About how these photographs look today, already almost a quarter of a century after their original re-publication in 1999 –Zemel notes that unlike the original cheap quality newspaper prints at the Forverts circa 1920s, the lavish, art-book presentation of the fine prints highlights the aesthetic qualities of Kacyzne’s work (p.20). It allows us to view them as such, at a critical distance.

Citing Marxist photo-theorist John Tagg, Zemel points out that the original viewers were “[subject-participants] in the pictured space” (p.30). But what about viewers like ourselves and much younger now approaching these photographs one hundred years or so after their original, non-glossy publication? Bracketing idealism and nostalgia, Zemel comments, “Looking at these images, the viewer is generally aligned with the photographer, as someone separate from but nevertheless interested in the pictured sight” (p.30). Except that we later viewers are non-aligned. Certainly, we today are now longer subject participants.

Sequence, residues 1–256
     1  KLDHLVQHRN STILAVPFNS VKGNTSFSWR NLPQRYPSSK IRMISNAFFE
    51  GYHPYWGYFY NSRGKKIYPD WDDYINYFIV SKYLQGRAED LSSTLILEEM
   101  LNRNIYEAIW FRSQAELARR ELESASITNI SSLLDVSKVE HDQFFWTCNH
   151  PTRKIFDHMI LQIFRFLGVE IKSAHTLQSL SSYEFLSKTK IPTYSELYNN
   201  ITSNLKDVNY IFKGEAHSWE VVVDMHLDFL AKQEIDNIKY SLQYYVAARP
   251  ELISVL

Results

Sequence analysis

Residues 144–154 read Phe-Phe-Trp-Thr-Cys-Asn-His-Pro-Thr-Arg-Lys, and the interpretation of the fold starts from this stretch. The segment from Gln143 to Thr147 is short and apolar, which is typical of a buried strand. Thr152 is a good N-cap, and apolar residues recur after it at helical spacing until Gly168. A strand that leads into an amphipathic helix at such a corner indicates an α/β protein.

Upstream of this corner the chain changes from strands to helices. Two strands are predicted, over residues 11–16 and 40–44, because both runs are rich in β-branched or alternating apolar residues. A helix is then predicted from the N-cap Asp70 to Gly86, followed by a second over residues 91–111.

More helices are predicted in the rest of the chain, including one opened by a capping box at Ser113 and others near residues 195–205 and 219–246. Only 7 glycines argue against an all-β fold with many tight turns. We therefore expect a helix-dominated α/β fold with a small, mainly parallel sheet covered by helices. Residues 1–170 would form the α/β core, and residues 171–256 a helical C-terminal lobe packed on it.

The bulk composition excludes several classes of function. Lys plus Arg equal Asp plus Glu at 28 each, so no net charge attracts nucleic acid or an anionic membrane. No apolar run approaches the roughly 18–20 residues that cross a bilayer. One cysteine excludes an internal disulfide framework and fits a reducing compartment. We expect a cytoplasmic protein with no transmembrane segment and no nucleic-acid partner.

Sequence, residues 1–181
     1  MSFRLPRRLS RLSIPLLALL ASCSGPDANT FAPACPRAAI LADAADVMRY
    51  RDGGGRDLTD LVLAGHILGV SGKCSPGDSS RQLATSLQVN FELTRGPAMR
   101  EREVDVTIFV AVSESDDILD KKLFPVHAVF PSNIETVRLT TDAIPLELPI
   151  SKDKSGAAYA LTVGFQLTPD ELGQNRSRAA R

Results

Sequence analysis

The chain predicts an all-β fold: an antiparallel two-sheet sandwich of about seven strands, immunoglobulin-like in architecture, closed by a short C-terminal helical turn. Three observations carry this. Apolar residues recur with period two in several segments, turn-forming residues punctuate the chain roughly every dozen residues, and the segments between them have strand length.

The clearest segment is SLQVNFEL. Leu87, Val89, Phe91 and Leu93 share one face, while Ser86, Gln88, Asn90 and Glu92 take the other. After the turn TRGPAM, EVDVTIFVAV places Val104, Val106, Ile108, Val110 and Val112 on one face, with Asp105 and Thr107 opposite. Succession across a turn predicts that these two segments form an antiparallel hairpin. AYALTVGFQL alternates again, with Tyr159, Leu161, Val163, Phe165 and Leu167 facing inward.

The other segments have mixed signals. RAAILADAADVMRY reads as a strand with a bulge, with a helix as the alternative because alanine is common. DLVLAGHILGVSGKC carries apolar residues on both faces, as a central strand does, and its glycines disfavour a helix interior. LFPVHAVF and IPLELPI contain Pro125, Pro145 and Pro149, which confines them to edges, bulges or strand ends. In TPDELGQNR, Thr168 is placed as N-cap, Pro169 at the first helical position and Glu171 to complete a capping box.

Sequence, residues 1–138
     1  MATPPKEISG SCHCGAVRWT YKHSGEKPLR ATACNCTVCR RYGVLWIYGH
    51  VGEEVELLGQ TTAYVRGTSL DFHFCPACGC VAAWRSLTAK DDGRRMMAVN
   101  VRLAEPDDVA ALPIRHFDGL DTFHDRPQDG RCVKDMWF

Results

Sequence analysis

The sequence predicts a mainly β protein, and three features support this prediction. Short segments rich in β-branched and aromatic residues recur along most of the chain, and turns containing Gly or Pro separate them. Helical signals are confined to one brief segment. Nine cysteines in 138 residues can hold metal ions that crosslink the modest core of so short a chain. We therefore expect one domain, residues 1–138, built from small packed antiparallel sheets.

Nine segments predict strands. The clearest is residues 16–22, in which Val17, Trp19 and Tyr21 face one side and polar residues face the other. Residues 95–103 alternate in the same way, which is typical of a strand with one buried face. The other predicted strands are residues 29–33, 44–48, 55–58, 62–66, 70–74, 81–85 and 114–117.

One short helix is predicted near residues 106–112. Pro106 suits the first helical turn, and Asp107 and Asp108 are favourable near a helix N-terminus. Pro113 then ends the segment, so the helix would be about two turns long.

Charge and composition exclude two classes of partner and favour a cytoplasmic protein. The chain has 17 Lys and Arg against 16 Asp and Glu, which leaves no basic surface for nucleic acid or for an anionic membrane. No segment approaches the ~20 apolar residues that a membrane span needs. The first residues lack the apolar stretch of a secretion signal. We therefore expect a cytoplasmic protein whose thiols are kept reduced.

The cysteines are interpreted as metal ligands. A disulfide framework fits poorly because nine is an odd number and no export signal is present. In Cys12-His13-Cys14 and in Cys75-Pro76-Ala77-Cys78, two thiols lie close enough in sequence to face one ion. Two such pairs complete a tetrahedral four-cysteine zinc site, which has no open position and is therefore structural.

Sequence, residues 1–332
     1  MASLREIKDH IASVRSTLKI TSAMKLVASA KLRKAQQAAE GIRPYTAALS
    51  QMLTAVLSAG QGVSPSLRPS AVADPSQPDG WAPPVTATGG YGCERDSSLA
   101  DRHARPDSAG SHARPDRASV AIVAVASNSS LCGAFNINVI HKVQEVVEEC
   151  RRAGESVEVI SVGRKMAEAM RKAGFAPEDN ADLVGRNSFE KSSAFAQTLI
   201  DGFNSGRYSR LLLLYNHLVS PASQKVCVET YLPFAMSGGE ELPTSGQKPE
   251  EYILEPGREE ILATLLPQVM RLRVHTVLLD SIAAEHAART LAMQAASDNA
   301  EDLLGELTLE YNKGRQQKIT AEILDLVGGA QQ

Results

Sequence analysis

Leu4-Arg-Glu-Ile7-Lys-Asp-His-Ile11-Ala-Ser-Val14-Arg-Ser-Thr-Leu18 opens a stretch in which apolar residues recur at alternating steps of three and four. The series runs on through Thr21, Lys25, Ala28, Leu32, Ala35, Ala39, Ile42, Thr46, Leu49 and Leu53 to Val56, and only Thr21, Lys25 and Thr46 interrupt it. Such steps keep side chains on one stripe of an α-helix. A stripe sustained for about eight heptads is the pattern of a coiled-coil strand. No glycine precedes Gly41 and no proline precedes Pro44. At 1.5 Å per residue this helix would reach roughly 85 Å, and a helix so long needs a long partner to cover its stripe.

What Zemel calls the “pictured sight” is a pictured site. In the photographs, Poyln is not dreamy, not timeless, not utopian. Poyln is locative. The photographs come out to us, they emanate from their own distinct place and time. The emanations are then modified and re-modified in their production and production.